• September 10, 1931
    ...to clear the track for interstate commerce, he was engaged in interstate commerce at the time of the injury." In L. & N. R. Co. v. Jolly, 232 Ky. 702, 23 S.W.(2d) 564, it was held, quoting syllabus: "Act of employee expediting, furthering, or facilitating movement in interstate commerce, or......
  • Canavin v. Pacific Southwest Airlines
    • United States
    • California Court of Appeals
    • October 28, 1983
    ...plaintiffs, including: Mobile & O.R. Co. v. Williams (1930) 221 Ala. 402, 129 So. 60, 67; Louisville & N.R. Co. v. Jolly's Adm'x (1930) 232 Ky. 702, 23 S.W.2d 564, 574; Sun Cab Company v. Walston, supra, 289 A.2d 804, 826; Peetz v. Masek Auto Supply Company (1956) 161 Neb. 588, 74 N.W.2d 47......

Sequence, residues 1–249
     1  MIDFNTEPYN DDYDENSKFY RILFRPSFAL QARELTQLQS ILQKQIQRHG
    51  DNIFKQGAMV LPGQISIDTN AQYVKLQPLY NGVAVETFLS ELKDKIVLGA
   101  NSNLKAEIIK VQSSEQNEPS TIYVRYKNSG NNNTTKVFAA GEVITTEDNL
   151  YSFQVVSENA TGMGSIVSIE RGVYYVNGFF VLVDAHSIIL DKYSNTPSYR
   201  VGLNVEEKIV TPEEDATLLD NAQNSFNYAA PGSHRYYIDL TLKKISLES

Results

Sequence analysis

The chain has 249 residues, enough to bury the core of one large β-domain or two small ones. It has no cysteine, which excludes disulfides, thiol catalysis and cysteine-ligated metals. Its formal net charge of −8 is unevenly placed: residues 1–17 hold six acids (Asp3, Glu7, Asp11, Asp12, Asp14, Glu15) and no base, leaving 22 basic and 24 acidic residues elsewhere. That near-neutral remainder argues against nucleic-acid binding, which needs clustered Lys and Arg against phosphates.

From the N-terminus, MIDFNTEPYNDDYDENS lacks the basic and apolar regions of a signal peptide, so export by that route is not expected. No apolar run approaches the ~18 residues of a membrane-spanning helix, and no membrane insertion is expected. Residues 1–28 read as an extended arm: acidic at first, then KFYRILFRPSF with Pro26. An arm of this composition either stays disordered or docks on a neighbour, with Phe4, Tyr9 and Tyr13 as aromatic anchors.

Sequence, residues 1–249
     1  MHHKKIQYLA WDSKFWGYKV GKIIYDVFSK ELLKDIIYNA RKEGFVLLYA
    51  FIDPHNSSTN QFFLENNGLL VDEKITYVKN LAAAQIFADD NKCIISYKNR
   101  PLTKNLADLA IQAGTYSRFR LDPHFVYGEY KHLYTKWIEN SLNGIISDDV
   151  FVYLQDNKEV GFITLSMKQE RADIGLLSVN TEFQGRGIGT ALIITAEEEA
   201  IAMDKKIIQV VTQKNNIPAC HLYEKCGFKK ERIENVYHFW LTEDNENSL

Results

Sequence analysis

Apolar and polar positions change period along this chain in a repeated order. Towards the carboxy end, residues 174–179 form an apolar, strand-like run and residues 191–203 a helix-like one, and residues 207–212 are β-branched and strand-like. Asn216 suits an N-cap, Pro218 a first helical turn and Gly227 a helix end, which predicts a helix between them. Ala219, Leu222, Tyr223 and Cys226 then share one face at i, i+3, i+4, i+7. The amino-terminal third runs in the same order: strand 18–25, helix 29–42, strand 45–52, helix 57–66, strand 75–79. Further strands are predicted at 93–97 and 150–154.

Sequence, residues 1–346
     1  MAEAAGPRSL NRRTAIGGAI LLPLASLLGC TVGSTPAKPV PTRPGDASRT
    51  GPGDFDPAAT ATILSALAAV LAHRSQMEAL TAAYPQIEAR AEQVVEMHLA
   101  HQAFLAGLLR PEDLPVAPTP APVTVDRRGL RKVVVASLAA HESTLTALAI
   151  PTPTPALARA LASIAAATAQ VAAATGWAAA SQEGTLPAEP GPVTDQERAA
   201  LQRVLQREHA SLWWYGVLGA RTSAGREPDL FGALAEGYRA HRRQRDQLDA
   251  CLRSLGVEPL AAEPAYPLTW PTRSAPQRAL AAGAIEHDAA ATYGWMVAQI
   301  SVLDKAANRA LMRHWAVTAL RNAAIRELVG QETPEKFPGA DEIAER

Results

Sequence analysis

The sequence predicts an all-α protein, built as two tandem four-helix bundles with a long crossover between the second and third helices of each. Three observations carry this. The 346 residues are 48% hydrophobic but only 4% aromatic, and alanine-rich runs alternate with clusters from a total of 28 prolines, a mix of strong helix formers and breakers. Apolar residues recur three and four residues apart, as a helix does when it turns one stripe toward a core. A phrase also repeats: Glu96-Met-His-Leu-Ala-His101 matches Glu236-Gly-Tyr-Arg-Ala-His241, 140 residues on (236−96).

• Warfield Natural Gas Co. v. Wright
    • United States
    • Court of Appeals of Kentucky
    • May 31, 1932
    ...him a helpless cripple, and the claim of excessiveness was denied. In the recent case of Louisville & N. Railroad Co. v. Jolly's Adm'x, 232 Ky. 702, 23 S.W.2d 564, where there was a separation of damages for conscious suffering and death by reason of being scalded by steam, a verdict awardi......
  • Arkell v. Baltimore & O. R. Co., No. 35748.
    • United States
    • United States State Supreme Court of Missouri
    • July 7, 1939
    ...Ann.Cas.1914C, 176; Norfolk & W. R. Co. v. Holbrook, 235 U.S. 625, 35 S.Ct. 143, 59 L.Ed. 392; Louisville & N. R. Co. v. Jolly's Adm'x, 232 Ky. 702, 23 S.W.2d 564, loc. cit. 572], and the conscious pain and suffering endured by the deceased from the time of injury until his death, two days ......
  • Request a trial to view additional results
18 cases
  • Cato v. Atlanta & C. A. L. Ry. Co, No. 13240.
    • United States